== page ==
There is the most explicit attempt in Tom's Midnight Garden to understand the nature of time, one's attitude to it, its relation to one's own existence. Many aspects come over powerfully: the child growing up and changing; the destruction of the garden and its transformation into a housing estate; and a mean little yard mirroring a whole changed pattern of society. But I think that Philippa Pearce's resistance to the new polluted environment loses its impact because it becomes identified with the feelings towards the loss of childhood, which is an inevitable process, whereas the pollution of the environment need not be….
Tom is only really aware of time in relation to his own immediate living, and to the things he wants to do…. (p. 79)
This refers only to a week in Tom's life, but it reflects the larger truth of time as the creator and the destroyer. Thus we have in this book the sense of Tom's own holiday and the larger sense of Hatty's whole life, and even the background—the objects—changing and being destroyed. The sense of loss, as shown by the central image of the tree falling, is stronger than the sense of creation and growth. This is what the novel emphasizes. Yet these are essential truths about time, in which we are bound to have our achievement and our termination. And it is the truth of Tom's Midnight Garden that conflicts with the magical aspect—why the thirteenth hour? Is it not enough to accept that Tom and Hatty are dreaming the same dreams? Is not a dream a valid experience? Given this, one can understand the way that Tom's brother Peter enters one of the dreams—but the way in which Abel sees Tom is not so reconcilable. When the whole movement of the book is to contradict the idea of Time No Longer—for time is continual change—how can this living in the past be anywhere but in dream and memory, which is the only place, as Mrs. Bartholomew says, where things stand still? There are other difficulties of course; the skates which were left in the house for Tom years before his birth—so did Hatty meet him in her actual past? There are two movements of time in the book. One is inexorable and uncompromising, but one is fluid.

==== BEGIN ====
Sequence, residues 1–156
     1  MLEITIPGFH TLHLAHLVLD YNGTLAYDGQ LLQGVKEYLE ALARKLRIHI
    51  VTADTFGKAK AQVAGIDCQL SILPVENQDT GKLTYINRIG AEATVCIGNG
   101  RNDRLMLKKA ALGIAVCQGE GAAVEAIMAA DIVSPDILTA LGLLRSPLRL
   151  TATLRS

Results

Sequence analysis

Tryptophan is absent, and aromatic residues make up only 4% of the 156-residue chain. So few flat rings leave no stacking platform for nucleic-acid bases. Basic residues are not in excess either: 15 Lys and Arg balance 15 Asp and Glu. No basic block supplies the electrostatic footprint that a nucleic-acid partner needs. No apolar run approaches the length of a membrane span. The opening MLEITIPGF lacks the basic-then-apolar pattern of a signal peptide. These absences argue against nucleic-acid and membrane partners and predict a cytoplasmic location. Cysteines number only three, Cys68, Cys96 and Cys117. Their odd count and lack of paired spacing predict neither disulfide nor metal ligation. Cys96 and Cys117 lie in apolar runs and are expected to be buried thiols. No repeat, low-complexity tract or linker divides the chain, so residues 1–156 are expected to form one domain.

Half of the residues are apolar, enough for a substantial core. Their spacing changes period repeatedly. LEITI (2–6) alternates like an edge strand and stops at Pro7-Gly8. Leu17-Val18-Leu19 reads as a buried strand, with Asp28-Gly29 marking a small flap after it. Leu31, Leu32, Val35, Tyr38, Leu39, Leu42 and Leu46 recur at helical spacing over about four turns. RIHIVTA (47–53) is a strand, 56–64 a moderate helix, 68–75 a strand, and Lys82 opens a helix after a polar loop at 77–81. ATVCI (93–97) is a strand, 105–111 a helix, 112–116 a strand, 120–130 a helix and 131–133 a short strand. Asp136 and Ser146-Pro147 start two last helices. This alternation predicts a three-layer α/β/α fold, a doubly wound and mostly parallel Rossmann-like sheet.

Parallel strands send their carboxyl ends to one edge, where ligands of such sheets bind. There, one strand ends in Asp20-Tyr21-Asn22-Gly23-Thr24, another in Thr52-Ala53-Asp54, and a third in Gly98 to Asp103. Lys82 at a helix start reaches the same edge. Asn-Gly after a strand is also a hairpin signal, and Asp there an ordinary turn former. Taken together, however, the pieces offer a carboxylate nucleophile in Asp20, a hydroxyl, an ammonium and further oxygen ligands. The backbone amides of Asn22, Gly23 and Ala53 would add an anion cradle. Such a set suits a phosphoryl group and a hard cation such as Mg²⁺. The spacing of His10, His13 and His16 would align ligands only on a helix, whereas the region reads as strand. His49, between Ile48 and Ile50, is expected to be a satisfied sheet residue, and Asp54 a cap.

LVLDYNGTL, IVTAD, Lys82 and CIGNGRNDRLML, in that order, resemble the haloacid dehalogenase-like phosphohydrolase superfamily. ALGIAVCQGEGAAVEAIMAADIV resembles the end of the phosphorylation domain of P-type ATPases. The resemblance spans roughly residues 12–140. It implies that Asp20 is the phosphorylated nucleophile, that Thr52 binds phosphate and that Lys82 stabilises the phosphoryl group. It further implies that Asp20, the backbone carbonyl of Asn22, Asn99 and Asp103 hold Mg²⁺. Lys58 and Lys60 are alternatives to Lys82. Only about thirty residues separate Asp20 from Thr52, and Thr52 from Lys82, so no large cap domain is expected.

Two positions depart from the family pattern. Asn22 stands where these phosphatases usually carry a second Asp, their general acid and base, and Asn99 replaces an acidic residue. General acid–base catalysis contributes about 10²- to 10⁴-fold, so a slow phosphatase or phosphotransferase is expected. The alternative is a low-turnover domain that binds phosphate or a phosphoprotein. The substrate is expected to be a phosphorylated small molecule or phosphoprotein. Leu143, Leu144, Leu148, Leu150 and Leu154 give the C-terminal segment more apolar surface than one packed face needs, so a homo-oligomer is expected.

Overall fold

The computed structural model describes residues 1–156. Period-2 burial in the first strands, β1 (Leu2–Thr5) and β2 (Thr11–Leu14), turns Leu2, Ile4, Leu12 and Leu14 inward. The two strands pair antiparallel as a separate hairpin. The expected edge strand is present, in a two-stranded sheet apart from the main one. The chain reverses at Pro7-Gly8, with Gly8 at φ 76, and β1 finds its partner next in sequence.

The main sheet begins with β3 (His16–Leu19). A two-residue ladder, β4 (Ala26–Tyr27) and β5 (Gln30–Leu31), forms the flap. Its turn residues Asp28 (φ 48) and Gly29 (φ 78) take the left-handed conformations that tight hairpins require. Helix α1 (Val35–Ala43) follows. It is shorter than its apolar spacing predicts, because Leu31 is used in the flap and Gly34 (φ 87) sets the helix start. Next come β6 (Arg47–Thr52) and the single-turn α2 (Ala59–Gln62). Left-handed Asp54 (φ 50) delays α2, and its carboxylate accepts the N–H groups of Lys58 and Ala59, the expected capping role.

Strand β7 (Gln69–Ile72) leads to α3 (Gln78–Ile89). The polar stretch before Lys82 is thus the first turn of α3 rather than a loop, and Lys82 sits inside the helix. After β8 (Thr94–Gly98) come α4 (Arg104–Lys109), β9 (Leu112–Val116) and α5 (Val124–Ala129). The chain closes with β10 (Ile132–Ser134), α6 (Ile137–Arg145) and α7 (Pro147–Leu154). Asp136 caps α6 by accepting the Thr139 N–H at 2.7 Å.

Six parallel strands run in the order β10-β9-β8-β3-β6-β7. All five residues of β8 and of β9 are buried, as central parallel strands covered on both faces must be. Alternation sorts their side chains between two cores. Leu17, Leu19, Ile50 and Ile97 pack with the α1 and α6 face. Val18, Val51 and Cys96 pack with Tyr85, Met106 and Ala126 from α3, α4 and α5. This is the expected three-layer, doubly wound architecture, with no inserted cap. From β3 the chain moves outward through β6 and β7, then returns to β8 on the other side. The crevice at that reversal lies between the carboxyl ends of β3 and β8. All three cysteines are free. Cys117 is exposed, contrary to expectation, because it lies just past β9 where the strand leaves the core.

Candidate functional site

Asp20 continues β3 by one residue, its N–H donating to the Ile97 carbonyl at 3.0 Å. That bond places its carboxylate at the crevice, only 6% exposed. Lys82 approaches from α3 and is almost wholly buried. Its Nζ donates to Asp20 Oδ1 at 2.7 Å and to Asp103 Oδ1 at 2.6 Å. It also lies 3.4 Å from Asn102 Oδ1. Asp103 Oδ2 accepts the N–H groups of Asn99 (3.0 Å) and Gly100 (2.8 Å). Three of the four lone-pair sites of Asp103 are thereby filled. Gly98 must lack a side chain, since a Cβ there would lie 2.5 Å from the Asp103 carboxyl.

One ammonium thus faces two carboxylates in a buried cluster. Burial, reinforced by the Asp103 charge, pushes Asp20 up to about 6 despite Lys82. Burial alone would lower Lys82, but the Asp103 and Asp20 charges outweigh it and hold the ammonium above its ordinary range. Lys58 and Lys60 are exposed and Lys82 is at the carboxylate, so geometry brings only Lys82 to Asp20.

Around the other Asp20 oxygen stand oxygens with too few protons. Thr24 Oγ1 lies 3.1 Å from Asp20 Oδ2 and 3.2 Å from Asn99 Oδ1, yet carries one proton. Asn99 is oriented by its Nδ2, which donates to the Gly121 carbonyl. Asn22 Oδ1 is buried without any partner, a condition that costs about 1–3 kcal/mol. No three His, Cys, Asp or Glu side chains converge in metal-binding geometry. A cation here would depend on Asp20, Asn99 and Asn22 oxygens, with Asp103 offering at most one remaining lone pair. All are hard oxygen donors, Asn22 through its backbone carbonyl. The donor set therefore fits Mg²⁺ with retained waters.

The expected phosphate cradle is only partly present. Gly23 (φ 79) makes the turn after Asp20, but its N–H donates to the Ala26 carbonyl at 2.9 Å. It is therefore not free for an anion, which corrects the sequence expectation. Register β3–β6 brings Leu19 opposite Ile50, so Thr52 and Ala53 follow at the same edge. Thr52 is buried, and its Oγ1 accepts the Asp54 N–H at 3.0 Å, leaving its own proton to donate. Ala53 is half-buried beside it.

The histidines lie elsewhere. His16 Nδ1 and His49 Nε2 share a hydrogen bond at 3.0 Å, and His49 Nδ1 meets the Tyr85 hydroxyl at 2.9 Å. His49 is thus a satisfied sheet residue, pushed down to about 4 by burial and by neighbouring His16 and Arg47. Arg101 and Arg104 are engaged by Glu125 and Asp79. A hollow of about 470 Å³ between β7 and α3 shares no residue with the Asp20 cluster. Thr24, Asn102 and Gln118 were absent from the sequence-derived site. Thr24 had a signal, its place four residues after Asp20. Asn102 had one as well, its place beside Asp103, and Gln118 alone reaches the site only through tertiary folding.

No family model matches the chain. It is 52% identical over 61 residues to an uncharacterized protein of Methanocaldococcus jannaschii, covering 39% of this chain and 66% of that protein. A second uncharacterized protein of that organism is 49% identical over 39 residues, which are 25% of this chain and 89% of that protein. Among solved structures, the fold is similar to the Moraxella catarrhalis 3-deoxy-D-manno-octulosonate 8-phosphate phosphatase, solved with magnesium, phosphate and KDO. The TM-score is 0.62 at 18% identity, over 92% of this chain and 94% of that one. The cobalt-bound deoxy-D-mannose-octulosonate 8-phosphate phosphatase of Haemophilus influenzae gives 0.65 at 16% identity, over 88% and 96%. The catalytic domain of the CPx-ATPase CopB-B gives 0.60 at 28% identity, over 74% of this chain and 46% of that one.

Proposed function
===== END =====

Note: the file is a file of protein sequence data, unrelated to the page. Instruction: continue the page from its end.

The beauty and poignancy of course remain. It is a celebration of childhood—but with the apprehension that children suffer keenly. The fact that the weather is always fine—except in the beauty of the frost—shows, as Tom recognizes, the way in which Mrs. Bartholomew's mind selects its own images of childhood, ones that suggest her regret. Everything, it seems, should be teaching Tom what he himself will lose and what he will feel. (p. 80)
Tom and Mrs. Bartholomew know what they have shared together, and the closeness between the boy and the old woman is finely and delicately described. But Tom's Midnight Garden is in many ways hardly a children's book at all; it is a cry from an adult awareness. (p. 81)
Lesley Aers, "The Treatment of Time in Four Children's Books," in Children's literature in education (© 1970, Agathon Press, Inc.; reprinted by permission of the publisher), No. 2 (July), 1970, pp. 69-81.∗